Markets pass judgment on the eurozone

I said that the Americans would be warning against complacency here at Los Cabos. Since then the financial markets have made their job a lot easier.

There's not much room for complacency when the Spanish government's long term cost of borrowing is edging toward 7.3% and it has just paid more than 5% to borrow for one year. A few months ago they were paying less than 3% for one year money.

Italian borrowing costs have also jumped this week, to well over 6%.

German officials think the world is too easily spooked by rising bond yields.

When it comes to the cost of government borrowing, they say there's nothing magical - or deadly - about interest rates that begin with a six, or even a seven.

Remember, Spain and Italy are only paying those rates on new debt - and they don't pay it at all unless they have to raise money from the markets at the time when the yields have spiked.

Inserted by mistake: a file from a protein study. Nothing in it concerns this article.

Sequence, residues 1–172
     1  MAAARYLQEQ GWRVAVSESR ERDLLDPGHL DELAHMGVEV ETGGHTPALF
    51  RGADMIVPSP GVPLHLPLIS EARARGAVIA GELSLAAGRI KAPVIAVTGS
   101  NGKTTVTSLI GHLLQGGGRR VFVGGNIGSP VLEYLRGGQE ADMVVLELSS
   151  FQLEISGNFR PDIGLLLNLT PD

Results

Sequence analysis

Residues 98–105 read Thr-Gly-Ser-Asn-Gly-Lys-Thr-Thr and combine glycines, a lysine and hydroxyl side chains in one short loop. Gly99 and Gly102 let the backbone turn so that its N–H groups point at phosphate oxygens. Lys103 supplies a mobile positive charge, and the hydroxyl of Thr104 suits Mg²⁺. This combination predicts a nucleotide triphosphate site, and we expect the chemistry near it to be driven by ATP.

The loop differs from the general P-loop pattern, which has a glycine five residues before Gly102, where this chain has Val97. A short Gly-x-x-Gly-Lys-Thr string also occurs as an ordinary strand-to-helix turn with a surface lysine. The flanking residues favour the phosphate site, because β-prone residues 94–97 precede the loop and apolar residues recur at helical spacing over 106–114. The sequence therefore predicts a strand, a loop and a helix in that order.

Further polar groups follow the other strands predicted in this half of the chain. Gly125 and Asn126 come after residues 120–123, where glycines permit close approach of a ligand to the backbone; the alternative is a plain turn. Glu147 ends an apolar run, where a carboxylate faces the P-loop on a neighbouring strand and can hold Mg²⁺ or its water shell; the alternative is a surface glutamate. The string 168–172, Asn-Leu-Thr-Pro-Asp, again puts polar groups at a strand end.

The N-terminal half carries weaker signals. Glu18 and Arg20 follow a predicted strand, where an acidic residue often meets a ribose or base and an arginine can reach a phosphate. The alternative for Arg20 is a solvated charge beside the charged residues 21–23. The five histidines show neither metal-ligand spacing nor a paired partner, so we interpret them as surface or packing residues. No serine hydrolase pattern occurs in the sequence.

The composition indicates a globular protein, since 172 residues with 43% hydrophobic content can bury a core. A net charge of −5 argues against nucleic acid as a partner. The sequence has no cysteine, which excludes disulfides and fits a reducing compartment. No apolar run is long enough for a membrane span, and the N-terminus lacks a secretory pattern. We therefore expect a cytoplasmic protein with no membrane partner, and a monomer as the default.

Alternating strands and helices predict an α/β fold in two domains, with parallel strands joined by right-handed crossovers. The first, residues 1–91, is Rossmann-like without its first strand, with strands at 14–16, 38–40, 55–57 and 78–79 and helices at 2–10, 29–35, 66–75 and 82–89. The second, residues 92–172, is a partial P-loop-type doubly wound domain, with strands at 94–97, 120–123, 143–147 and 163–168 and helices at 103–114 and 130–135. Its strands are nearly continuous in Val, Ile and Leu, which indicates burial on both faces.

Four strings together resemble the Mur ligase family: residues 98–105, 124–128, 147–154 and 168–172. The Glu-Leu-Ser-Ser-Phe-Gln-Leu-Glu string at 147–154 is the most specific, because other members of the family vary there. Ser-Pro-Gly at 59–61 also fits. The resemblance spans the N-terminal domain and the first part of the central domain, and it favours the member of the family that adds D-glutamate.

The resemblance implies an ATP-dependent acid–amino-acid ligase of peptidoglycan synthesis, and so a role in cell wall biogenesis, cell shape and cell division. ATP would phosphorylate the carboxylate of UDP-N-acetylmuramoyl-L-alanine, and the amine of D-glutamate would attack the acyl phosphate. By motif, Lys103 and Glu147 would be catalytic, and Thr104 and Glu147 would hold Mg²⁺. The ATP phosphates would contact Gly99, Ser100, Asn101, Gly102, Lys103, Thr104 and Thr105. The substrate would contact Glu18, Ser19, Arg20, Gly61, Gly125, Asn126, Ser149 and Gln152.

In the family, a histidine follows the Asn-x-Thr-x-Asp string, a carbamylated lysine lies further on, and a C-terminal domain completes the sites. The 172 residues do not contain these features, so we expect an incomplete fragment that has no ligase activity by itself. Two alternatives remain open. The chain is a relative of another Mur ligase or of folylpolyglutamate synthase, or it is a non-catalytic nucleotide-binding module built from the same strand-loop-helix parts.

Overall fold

Unfortunately for Spain, the government is indeed planning to raise more cash - in the form of longer- term bonds - on Thursday. Investors and others will be watching nervously to see how that plays out.

Germany's basic point still stands. Italy and Spain could carry on paying these high rates on new debt for quite a while without getting into serious trouble. "Sticker shock" at the 6% or 7% price tag shouldn't spook governments into promising fancy schemes at summits that they can't actually deliver (for more on this line of argument, see Friday's blog on Chancellor Merkel).

But, and this is a big but, that argument assumes that investors will continue to be willing to buy Spanish, or Italian, debt, as long as the interest rate is high enough. That is not necessarily true.

The spike in yields isn't only telling us that their debt is now perceived to be more risky. It could also be telling us that a rising number of investors do not want to buy it at any price. That really is something worth losing sleep about.